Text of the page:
Thursday's Today show on NBC showed an excerpt from Tom Brokaw’s upcoming documentary, "American Character Along Highway 50," during which the former NBC Nightly News anchor plugged Sacramento Mayor Kevin Johnson – a friend of President Obama -- and delivered a puff piece on Johnson’s life and political goals, giving Johnson several soundbites to promote himself without being challenged, with Johnson proclaiming that he ran for mayor partly because "there’s a lot of inequality in our country."
But, even though at one point Brokaw recounted that Johnson founded the St. Hope foundation to help provide education, the former NBC anchor did not bring up Johnson’s history of corruption, specifically the finding that he misused $800,000 in AmeriCorps funding at St. Hope.
Last June, in an interview on FNC’s Fox and Friends, former inspector general Gerald Walpin of the Corporation for National and Community Service – who had just been fired by the Obama administration – recounted his findings against Mayor Johnson and theorized that Obama had fired him because of his aggressive stance against the President's political ally. Walpin:
We found out that Johnson had misused the members of the AmeriCorps volunteers for his own personal purposes, had used them in political campaigns, had used them to wash his car, and had even taken them to New York to lobby for him, and they're supposed to be working tutoring students in Sacramento. He took them to New York to lobby for him to get a charter school charter here in New York.
Walpin further charged that Johnson had not been required to pay any portion of the money back:
Well, he never has paid back a portion. The settlement agreement signed behind our back, and remember, we're the referring agency, and U.S. attorneys always deal through the referring agency. They ignored us and they entered into a settlement agreement that doesn't require Johnson to pay anything back.
But instead of challenging Johnson, Brokaw was more interested in nudging the corrupt mayor toward higher office. Brokaw contended that Johnson is "boosting expectations in a wider arena," and suggested to him that his current position could be a "stepping stone," prompting the Sacramento mayor to deliver the modest reply that "I've got to figure this [current position] out first."
Below is a complete transcript of the piece from the Thursday, December 24, Today show on NBC:
LESTER HOLT: Our colleague, Tom Brokaw, has spent the past year traveling across the country on famed Highway 50 for a special documentary airing next month on the USA Network. And he's just reached the end of the road.
TOM BROKAW: It's been called the backbone of America, one highway that cuts through the heart of a changing nation. And at every crossroad, a new story – 3,073 miles on Highway 50 in search of the American character. Mile 3,073, where Highway 50 ends just west of California's capital. You think one day he'd be the mayor of Sacramento?
MOTHER OF MAYOR KEVIN JOHNSON: No, I didn't think he'd be the mayor. That's the last thing I thought.
BROKAW: It's a future Kevin Johnson's own mother wouldn't have dared to imagine when she gave birth to him at the age of 16.
KEVIN JOHNSON, SACRAMENTO MAYOR: I'm a kid that grew up in a ghetto community, being elected not only the first African-American mayor, but the first native-born mayor. It was one of the greatest days of my life.
BROKAW: Johnson was elected by a landslide on the same day as Barack Obama in a city where just 15 percent of the population is African-American.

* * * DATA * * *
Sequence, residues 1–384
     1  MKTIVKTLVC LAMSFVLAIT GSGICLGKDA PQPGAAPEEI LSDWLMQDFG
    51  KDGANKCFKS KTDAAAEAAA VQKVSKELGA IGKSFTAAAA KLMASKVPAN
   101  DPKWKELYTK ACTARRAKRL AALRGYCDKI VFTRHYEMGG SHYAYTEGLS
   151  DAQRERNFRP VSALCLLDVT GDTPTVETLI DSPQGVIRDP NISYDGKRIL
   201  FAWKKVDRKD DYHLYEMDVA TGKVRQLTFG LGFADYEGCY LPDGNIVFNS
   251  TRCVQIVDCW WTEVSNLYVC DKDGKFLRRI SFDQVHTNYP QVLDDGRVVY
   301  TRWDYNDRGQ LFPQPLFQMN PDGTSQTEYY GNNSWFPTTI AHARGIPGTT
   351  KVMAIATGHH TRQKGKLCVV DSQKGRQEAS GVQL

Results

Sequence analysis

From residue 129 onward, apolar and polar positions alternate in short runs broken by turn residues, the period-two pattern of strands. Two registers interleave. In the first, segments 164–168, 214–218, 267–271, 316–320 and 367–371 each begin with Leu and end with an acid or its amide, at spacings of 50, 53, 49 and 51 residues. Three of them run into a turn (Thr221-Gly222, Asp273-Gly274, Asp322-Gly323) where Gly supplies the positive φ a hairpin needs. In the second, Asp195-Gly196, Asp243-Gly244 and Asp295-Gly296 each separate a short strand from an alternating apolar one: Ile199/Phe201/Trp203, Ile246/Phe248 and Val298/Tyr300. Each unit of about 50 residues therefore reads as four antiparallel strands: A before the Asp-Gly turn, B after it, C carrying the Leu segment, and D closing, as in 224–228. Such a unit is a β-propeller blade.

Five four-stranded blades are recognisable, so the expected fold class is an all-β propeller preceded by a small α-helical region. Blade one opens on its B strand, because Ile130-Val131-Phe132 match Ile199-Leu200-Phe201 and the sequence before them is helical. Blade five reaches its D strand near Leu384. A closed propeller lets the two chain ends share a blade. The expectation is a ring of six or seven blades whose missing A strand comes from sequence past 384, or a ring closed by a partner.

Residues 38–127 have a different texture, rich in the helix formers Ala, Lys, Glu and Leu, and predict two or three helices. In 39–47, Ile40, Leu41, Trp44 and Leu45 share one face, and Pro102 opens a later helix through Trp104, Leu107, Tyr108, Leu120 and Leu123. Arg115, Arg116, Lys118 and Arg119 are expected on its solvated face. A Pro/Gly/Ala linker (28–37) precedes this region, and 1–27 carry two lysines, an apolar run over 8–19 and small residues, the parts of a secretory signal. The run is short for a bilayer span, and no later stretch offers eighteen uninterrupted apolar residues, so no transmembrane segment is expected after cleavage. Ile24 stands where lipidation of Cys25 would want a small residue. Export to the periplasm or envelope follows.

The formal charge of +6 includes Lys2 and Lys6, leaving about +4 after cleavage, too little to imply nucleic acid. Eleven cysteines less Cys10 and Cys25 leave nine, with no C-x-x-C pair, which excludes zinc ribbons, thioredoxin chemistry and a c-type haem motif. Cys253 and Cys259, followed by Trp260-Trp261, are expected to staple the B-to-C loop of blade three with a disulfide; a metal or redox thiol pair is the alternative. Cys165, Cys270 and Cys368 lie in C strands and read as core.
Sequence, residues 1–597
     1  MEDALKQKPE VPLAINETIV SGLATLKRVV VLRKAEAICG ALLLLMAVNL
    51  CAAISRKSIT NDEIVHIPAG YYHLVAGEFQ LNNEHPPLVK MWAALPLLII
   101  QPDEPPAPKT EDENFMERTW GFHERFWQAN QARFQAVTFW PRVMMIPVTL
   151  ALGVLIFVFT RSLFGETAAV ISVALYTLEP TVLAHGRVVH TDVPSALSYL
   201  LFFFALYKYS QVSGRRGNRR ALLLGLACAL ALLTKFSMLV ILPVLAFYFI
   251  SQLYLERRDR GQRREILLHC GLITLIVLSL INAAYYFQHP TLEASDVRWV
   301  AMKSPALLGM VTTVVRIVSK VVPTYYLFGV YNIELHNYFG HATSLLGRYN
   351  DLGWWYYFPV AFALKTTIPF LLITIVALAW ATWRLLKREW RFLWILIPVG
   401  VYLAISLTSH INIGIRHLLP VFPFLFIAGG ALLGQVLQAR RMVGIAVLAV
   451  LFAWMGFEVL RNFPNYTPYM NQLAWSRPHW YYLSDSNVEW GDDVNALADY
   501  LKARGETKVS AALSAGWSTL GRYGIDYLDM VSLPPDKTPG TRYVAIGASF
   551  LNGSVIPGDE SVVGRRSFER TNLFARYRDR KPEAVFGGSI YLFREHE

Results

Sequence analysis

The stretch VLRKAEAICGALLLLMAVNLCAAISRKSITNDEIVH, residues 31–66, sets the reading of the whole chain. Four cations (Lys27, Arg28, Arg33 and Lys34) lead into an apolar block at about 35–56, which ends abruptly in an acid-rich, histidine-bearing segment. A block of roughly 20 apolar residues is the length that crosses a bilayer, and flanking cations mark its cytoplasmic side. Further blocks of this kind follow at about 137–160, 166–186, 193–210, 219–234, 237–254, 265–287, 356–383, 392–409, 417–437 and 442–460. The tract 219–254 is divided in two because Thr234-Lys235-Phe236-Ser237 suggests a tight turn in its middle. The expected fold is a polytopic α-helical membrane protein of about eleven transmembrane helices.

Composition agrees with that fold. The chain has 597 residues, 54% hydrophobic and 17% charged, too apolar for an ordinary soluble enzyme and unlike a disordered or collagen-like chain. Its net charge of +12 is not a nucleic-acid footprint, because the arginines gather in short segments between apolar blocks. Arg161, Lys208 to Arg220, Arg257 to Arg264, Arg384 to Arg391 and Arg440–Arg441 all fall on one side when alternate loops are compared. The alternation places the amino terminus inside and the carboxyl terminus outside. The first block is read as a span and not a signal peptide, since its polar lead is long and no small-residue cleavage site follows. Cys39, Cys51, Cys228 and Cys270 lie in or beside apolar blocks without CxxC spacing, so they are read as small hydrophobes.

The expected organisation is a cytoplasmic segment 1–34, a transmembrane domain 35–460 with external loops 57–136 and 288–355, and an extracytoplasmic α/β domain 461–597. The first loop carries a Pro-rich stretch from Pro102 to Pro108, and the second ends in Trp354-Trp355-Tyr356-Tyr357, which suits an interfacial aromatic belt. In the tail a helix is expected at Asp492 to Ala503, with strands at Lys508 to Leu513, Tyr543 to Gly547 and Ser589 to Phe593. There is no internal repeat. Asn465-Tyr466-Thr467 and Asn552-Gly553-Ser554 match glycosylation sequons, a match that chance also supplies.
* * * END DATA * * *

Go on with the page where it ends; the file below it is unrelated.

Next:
JOHNSON: Both of us represent, I think, a new breed of politician. We're representing a multicultural world.
BROKAW: Both economies were in a freefall.
JOHNSON: Our unemployment rate is extremely high. The foreclosure rate has hit our region harder.
BROKAW: Only months into his first term, this rookie mayor was forced to address a shameful truth.
JOHNSON: There were a lot of homeless people camping along the river.
BROKAW: With its echoes of the Great Depression's Hoovervilles, Sacramento's tent city became a national symbol of just how bad things had gotten.
JOHNSON: My responsibility as a mayor was to not allow us to sweep this dirty little secret under the rug, let's deal with it head on.
BROKAW: Johnson is new to politics, but says his first career as an all-star player in the NBA prepared him well.
JOHNSON: I thought that all the trash-talking and the elbow-throwing only happened on the basketball court. Politics, there's more trash talk and more elbow-throwing.
BROKAW: His hoop dreams may have been Johnson's ticket out, but his greatest cause is education.
JOHNSON: I always knew I wanted to come back to my community so that kids would be able to experience the same thing. And basketball may not be their ticket out, but certainly education and college will be.
BROKAW: With the money he earned in the NBA, Johnson started a foundation, St. Hope, which now runs his old high school. So graduation rates were what?
JOHNSON: Twenty percent before we took over the schools, a charter school, and now 80 percent of our kids are graduating and going on to four-year college. If you lay out high expectations for parents and kids, they want it.
BROKAW: As mayor, he is boosting expectations in a larger arena.
JOHNSON CLIP #1: I don't want to waste a moment.
JOHNSON CLIP #2: We've made great strides, but the job is not done.
JOHNSON TALKING TO BROKAW: There's a lot of inequality still in our country, and that's partly why I decided to run for mayor is trying to level the playing field.
BROKAW: This is the mayor's office, could be a stepping stone.
JOHNSON: This stone right here is pretty heavy in and of itself, so I've got to figure this one out first, Tom.
BROKAW: Mile 3,073, the end of Highway 50, and the end of our journey.
HOLT: We should let you know "American Character Along Highway 50" airs January 18th on our sister network, USA.